What are the tools needed to milk a cow? I’m sure that everyone that owns a dairy cow might answer that a bit differently. We have a “tool box” of sorts that includes the items we find necessary to have with us when we are milking.
First we have our stainless steel milk pails. We have two, each of them has a lid (in the photo one doesn’t have its lid on, but it does have a lid we use). We milk into the smaller one and pour off into the bigger one several times throughout the milking to keep it cleaner and just in case we have a kicked bucket, that way we don’t lose the whole milking.
I wouldn’t consider the pails an absolute necessity. A stainless steel pot or bowl could be used. Though with our cow I would say the bowl would need to be deep or we would lose a lot to splashing. It is nice to have the convenience of a lid and a handle though. I found these pails on ebay for a lot less than I would have paid buying them directly from a dairy supplier.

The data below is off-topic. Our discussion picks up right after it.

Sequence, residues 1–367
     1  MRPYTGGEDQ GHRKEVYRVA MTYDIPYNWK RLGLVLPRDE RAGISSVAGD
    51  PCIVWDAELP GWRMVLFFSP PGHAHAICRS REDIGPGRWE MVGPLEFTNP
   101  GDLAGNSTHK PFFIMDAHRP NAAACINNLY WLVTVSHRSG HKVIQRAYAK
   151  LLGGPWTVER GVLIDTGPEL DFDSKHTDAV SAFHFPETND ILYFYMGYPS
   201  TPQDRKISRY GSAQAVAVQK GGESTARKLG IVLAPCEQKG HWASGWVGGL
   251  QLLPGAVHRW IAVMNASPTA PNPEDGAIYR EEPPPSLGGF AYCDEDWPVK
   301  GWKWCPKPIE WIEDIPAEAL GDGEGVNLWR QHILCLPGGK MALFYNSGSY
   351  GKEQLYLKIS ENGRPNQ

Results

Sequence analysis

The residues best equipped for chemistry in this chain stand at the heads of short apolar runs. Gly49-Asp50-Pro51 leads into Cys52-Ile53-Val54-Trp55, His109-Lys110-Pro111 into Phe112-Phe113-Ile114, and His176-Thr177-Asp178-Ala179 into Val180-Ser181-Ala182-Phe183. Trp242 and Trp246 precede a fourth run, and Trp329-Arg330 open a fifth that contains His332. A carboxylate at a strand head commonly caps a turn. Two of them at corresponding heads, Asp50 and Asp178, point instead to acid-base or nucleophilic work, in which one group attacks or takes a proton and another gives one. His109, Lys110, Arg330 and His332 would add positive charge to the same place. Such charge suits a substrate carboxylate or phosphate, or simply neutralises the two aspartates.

Next we have a tote full of all the other things we like to have handy while milking. Our tote is one of these type:
It makes it much easier to carry all the things we need from the house to the barn, and it keeps everything right at arm’s length while we are milking.
Inside the tote we have:
We just use a leftover plastic cottage cheese container that fits nicely in the tote as our udder wash “bucket.” Each morning we put a little dish soap and some warm water in it and throw in a clean rag. It fits nicely and is held tightly by the tote so it wont spill.
We have used several different brands of udder balm and don’t really have a favorite. There is always a tube or tub of that in the tote as well.
We have one of this type of teat dippers and use a standard milk-supplier dip solution in it.
We have a curry comb and a bristle brush in the tote for cleaning off her belly and back legs before milking. That way stray pieces of hay and bedding aren’t falling into the pail.
We have a small pair of battery operated electric clippers. We keep it in the tote because we shave her udder, around the teat area only, when the hair starts getting long enough to get caught in our hands and pulled while milking.
Some other important items that we use right after milking are a milk strainer, with disposable milk filters.
And half-gallon Ball jars, which we store our milk in with the white plastic lids instead of the 2-piece lids that come with them.
So that is what we have in our milking “tool box” that we consider necessary and convenient to have with us when we are milking.
Do any of you have a dairy animal and what is in your tool box that is not in mine?